Kim Dotcom has jumped the shark, Napster is long dead and Pirate Bay moves its domain nearly every other day, yet some things never seem to change when it comes to the world of online piracy— the dysfunctional and thorny thicket that is the DMCA and the enduring role of big brand’s in ad-sponsored piracy for profit.
Everyone who knows anything about online piracy understands that the DMCA takedown process and “safe harbor” provisions that shield pirate entrepreneurs from liability should have been tossed in the trash long ago. Signed into law in 1996, the Digital Millennium Copyright Act created a legal framework for managing (digital) copyright in an era of new technology and a burgeoning internet. Now, nearly 20 years later, the legislation is well past its sell-by date. Rather than provide clarity on digital rights and discourage copyright abuse, the DMCA seems only to have emboldened online profiteers who build businesses with piracy at their core.
Take a look at this “new” website GayFlix hosted by weebly.com, a do-it-yourself web hosting portal. The site welcomes visitors with this greeting, ” Welcome to GayFlix. The greatest source online for gay related movies and series that you can watch for free. ”
Not only does it offer up “free” LGBT movies, but it actually solicits submissions to complete its list of missing movies, asking users to send links via a convenient online form. No mention is made of requiring that links be from legit sources. No, this is not a joke…
Welcome to GayFlix. The greatest source online for gay related movies and series that you can watch for free. We only provide embed codes for links of 3rd party websites. This means that you can find videos on our site and watch them here for free, but we do not allow video hosting or video uploading of any kind. All videos are screened by our moderators, we filter through videos to remove content that is not related to the GayFlix ideal, such as porn or genres that do not include GLBTA material. We also allow filmmakers to submit links to their work for us to post on our site for others to enjoy. We allow our members to send us links to GLBTA movies and series, you can do this on the submission page. All content will be screened fully before posting so please allow us 24 – 72 hours to post approved material, all unapproved material will be discarded and an email to its submitter will be send on why we have chose not to approve the material as well as a copy of our policy to remind them what is appropriate material, if a member feels that there was a misunderstanding in the screening process they are welcome to contact an administrator for further assistance and information.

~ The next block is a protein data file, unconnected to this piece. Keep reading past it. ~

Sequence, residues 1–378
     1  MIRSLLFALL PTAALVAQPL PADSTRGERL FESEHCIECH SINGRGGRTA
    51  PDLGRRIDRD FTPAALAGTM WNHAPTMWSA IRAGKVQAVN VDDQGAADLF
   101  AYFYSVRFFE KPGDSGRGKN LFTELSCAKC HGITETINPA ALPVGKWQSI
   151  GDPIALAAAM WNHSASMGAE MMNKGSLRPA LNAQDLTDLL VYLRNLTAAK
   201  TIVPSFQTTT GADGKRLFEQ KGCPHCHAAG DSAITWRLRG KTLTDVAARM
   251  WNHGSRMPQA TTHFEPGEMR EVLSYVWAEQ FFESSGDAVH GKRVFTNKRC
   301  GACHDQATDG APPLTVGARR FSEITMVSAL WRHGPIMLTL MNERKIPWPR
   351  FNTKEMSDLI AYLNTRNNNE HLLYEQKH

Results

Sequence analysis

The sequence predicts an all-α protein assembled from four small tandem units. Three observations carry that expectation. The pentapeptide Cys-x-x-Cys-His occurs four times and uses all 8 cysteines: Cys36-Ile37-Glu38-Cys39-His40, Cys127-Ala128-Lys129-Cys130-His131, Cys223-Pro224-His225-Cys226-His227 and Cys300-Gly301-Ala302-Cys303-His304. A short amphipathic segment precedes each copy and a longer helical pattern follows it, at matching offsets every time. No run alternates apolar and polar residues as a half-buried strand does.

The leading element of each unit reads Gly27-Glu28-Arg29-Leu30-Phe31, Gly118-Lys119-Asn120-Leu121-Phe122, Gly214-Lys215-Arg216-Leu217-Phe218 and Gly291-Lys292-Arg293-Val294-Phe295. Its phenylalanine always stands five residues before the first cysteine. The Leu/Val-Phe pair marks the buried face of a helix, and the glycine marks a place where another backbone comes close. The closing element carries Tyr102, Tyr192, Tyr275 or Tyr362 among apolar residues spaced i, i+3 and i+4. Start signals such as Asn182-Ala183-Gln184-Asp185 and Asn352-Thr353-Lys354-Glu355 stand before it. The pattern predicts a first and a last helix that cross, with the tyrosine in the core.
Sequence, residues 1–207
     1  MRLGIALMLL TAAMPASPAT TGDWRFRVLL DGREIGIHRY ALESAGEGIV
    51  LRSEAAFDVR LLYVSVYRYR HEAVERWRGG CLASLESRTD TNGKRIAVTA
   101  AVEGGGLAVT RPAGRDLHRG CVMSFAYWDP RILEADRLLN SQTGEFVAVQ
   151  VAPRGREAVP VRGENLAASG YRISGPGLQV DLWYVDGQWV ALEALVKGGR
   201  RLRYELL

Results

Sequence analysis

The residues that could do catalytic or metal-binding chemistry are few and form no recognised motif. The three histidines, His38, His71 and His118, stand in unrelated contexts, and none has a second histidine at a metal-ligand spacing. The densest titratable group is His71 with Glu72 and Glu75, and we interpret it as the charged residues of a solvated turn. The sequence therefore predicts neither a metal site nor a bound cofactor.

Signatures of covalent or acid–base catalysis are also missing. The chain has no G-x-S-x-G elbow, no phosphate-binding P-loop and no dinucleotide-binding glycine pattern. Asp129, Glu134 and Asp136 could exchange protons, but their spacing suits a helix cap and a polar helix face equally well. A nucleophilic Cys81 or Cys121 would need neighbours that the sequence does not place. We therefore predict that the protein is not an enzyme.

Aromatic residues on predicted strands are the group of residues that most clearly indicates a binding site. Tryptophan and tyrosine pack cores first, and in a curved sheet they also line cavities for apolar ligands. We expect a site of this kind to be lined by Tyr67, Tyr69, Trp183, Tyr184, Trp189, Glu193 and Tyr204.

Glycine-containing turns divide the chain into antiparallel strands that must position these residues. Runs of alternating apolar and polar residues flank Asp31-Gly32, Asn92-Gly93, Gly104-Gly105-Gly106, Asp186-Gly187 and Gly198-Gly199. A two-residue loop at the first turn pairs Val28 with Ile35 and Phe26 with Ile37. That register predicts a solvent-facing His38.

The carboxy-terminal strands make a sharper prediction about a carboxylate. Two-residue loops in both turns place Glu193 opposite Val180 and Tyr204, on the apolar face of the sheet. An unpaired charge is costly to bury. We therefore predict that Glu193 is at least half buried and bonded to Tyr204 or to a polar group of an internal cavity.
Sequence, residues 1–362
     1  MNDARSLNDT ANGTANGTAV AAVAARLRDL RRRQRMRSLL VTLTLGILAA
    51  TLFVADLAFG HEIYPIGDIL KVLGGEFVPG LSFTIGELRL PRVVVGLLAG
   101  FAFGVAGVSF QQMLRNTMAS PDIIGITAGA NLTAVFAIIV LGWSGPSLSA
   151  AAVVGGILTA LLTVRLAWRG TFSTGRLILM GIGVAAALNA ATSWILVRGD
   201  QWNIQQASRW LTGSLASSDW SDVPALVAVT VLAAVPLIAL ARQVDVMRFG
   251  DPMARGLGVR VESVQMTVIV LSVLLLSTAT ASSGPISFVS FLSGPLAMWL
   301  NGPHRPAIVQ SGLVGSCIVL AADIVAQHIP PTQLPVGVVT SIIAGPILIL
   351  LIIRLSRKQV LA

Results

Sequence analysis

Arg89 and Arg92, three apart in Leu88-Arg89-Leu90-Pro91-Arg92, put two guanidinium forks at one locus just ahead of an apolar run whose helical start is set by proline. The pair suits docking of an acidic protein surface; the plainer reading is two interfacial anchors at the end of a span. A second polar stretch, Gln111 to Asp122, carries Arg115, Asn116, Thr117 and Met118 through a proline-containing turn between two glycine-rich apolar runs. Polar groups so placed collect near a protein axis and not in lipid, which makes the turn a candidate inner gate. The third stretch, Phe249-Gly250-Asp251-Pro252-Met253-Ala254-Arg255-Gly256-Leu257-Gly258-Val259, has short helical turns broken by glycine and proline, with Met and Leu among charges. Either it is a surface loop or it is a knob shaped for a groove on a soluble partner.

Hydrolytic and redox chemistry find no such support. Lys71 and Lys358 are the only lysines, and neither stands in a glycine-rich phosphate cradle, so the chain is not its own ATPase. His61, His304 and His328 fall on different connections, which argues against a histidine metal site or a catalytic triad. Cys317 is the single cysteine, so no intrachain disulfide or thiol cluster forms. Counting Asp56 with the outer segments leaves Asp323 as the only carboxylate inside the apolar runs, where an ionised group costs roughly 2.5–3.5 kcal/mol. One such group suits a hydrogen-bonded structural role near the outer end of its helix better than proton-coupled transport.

Some of the movies “shared” on the site are embedded via HULU, a legit source but many others are pirated copies including Elena Undone, Kyss Mig, Joe + Belle, Inescapable, August, A Portrait of James Dean-Joshua Tree 1951 and A Perfect Ending , among others. The pirated streams are all hosted via slimy cyber-lockers shown in the graphic below.
Note the disclaimer beneath the pirated stream that, “All videos belong to 3rd party websites. GayFlix does not allow hosting. GayFlix has no control over advertisements on videos.” Say what? So what? First of all the videos don’t “belong” to 3rd-party websites–they belong to their creators–-and, while the site doesn’t “allow” video hosting. it has no problem embedding illegal copies from other sites? What kind of twisted logic, blatant lack of accountability applies here? Oh yeah, the DMCA…but wait, even the DMCA has directs that a website operator not “have the requisite level of knowledge that the material is infringing.” Sorry, but you can’t tell me that these folks who claim to “vet” their content don’t have a clue that many of movies they “share” are pirated?